Rumor debunked: Army battle buddies won’t become warrior companions
ARLINGTON, Va. — Contrary to what you may have read, the Army has not embraced the more intimate term “warrior companion” to replace the platonic “battle buddy.”
The idea was addressed in a letter to the editor in Stars and Stripes earlier this week, citing an online Army message as the source. Posted on Facebook, it claims that the drawdown in Iraq means that the term “battle buddy” no longer describes what soldiers do in noncombat environments:
“As the need to [sic] soldiers to travel in groups is higher than ever before due to increased risk of kidnapping or assault, and as the Army transitions to the term ‘warrior’ for its soldiers to enhance the commitment to warrior ethos, soldiers are directed to use the phrase ‘warrior companion’ when referring to a soldier pair or groups of soldiers gathered together for the purposes of protection and safety.”
On Thursday, Army officials said there is no record of such an Army message, and they noted it is not properly formatted.
“Our conclusion is that this appears to be fake,” said Army spokesman Gary Tallman.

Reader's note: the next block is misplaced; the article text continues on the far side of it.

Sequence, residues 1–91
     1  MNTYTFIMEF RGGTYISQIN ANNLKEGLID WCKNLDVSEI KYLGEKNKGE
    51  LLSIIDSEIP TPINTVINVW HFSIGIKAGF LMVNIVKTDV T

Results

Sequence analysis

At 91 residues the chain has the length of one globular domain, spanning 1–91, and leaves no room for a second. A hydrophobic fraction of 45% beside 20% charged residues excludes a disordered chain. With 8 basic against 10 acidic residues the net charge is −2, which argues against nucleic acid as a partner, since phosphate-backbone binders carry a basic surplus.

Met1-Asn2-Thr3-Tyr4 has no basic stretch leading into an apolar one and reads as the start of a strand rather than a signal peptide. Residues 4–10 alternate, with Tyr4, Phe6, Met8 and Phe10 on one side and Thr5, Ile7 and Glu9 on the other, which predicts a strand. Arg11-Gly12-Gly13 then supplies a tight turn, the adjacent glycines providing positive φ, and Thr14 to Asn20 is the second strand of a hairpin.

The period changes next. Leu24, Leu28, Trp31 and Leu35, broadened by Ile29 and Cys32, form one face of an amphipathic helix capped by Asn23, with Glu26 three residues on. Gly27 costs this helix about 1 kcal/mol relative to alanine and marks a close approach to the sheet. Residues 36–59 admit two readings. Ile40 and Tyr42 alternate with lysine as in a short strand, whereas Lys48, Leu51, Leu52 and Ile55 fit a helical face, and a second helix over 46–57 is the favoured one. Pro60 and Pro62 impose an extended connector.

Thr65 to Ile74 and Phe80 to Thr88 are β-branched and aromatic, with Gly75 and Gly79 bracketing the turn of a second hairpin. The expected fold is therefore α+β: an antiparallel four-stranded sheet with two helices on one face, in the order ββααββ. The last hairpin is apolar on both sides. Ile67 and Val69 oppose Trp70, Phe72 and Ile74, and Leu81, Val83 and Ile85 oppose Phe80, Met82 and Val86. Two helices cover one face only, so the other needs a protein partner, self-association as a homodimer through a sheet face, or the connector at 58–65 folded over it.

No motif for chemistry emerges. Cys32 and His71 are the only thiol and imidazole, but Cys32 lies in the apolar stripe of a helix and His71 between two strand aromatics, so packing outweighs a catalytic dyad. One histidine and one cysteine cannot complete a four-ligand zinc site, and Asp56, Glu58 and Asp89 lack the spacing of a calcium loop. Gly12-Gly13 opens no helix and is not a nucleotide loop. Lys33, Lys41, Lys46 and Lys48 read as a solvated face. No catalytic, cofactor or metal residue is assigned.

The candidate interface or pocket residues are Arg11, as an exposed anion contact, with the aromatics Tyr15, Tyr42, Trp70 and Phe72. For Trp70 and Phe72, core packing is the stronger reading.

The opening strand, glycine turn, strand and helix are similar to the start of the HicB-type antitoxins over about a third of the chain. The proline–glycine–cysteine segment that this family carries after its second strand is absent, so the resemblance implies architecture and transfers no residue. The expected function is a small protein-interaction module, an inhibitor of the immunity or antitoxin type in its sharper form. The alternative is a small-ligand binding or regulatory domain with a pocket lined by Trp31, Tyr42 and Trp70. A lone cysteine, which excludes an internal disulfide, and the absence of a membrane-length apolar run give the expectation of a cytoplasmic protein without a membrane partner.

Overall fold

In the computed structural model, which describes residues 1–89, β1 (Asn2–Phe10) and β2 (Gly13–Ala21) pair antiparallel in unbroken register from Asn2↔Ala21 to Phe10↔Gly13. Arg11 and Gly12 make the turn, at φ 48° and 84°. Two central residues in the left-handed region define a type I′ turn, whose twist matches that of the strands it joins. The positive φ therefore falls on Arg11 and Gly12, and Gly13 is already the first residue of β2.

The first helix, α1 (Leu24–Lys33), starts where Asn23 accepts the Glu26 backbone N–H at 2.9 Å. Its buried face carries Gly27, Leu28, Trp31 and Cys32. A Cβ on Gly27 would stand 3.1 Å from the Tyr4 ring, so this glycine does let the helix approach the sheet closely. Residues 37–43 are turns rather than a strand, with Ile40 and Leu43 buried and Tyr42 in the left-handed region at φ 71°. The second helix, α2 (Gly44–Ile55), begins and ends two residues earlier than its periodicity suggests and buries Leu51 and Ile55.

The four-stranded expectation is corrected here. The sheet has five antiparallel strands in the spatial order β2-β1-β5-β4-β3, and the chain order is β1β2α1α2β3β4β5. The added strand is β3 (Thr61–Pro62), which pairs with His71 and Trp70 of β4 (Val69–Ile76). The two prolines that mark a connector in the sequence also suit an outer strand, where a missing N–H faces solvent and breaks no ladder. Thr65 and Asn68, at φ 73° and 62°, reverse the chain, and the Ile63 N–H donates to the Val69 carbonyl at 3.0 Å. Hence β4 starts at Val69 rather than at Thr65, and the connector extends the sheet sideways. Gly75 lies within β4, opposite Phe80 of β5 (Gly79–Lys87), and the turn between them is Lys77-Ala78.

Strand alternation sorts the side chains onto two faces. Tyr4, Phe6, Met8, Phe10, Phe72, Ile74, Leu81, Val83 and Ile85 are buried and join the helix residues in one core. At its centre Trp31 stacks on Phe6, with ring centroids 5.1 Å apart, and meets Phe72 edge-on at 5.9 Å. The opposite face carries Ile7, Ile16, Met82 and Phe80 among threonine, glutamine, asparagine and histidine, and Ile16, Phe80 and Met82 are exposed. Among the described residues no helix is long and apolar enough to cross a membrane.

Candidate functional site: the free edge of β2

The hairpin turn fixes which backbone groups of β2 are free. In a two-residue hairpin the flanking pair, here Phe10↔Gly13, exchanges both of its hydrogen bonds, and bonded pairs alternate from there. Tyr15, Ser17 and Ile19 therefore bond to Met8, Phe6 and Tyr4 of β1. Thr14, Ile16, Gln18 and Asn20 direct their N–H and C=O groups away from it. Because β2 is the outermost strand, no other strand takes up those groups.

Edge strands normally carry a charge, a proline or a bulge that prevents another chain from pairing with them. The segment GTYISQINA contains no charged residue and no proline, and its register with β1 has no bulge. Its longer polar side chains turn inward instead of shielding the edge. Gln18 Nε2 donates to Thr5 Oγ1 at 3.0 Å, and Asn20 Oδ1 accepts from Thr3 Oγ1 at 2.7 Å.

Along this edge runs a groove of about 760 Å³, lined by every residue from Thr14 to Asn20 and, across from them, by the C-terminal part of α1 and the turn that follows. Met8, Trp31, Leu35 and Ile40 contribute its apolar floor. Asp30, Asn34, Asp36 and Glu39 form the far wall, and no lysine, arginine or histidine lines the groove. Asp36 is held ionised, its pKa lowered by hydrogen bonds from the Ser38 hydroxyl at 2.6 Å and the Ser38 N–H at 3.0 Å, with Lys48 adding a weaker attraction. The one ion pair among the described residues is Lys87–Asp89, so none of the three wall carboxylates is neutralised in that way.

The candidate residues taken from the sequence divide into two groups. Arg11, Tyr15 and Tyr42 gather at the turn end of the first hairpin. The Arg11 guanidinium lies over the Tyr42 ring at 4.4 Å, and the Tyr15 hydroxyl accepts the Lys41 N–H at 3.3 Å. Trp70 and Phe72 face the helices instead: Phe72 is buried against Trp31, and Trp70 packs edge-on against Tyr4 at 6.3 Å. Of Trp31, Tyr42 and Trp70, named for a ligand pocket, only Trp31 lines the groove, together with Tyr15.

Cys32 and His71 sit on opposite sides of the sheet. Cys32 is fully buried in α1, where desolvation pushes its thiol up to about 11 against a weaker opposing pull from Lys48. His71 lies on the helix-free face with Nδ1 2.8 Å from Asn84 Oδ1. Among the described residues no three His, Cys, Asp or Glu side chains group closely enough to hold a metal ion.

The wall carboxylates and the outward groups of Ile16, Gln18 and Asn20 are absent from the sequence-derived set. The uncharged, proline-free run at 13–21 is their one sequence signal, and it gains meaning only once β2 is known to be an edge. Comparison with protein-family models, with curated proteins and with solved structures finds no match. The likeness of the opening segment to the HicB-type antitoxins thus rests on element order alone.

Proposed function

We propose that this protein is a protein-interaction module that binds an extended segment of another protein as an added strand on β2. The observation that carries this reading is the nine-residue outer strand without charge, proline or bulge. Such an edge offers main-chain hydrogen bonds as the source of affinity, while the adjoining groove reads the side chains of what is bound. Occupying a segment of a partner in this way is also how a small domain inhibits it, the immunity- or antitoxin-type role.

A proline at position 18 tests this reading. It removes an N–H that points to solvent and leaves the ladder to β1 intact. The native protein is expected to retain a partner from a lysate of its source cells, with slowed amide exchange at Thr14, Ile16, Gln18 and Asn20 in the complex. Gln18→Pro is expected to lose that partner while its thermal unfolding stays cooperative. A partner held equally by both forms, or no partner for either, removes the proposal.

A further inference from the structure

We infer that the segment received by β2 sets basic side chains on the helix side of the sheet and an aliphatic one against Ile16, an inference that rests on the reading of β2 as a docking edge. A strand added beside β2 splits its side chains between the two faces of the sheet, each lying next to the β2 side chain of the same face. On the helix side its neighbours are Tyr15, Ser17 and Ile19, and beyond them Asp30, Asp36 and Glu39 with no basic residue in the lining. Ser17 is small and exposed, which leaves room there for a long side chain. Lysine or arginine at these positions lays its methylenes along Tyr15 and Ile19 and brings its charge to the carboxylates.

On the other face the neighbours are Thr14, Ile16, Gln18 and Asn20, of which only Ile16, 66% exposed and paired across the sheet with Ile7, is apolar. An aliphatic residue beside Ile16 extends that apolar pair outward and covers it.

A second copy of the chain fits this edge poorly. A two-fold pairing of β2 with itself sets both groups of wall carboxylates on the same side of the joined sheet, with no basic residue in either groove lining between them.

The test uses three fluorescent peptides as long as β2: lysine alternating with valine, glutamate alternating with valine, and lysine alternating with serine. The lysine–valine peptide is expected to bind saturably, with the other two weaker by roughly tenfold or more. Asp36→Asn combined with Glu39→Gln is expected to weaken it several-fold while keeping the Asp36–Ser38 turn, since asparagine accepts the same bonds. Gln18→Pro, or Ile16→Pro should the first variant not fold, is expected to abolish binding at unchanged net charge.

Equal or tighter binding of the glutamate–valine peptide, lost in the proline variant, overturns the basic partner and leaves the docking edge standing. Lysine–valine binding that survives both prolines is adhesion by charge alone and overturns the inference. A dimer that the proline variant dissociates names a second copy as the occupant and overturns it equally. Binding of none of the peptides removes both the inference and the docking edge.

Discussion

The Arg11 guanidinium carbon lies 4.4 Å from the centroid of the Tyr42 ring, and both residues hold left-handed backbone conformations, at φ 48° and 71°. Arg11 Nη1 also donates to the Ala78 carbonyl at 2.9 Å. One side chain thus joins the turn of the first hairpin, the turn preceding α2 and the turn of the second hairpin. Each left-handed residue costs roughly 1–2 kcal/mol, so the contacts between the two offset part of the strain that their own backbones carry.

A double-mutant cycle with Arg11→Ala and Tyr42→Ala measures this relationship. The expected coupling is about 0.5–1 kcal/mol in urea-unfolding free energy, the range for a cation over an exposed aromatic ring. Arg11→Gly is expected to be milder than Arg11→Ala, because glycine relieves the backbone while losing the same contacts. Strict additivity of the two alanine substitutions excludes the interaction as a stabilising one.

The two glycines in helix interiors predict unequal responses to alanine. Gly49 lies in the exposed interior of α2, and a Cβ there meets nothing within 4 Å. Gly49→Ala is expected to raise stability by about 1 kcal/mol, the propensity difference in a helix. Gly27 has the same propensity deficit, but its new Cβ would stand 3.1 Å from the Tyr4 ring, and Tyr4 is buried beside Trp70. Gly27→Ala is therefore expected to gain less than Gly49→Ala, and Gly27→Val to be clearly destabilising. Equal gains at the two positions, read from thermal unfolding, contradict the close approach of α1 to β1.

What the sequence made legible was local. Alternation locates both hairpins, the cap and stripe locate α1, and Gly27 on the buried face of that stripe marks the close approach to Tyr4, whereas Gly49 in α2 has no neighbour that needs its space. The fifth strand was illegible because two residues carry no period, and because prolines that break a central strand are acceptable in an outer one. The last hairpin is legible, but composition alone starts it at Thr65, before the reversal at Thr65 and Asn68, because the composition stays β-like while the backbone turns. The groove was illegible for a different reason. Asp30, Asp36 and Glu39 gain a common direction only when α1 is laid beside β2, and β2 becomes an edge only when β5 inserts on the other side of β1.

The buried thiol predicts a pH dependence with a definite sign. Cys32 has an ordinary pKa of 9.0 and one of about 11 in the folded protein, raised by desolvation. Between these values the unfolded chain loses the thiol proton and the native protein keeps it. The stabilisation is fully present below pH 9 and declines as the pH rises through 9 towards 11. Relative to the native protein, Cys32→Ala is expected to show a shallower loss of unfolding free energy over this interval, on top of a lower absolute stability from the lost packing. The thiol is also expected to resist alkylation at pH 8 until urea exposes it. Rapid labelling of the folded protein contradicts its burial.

One soldier told Stars and Stripes that rumors about the supposed change were percolating even before the letter to the editor ran.
“People on base here are talking about it and there are also links on yahoo questions and other forums about it,” said Staff Sgt. Teresa Tennyson in an e-mail. “Once the Stars [and Stripes letter] printed, it was on a lot of RSS feeds. There is even an iTunes podcast with the letter.”
The rumor has had a demoralizing effect on her soldiers, Tennyson said, so she is spreading the word that the term “battle buddy” is here to stay.
Maj. Ruby Wayman, who wrote the letter to the editor, said she was glad to learn it was a joke.
“I don’t feel embarrassed at having written to you about it,” Wayman wrote in an e-mail. “It is what it is.
“I’ve seen our Army implement some silly things over the years. For instance, what is with this ‘Warrior Ethos’ all of a sudden? We’ve always been warriors.”
So watch out for your buddy, but keep it professional.
Know of any other military rumors floating around? Want to know the truth? E-mail Jeff Schogol at email@example.com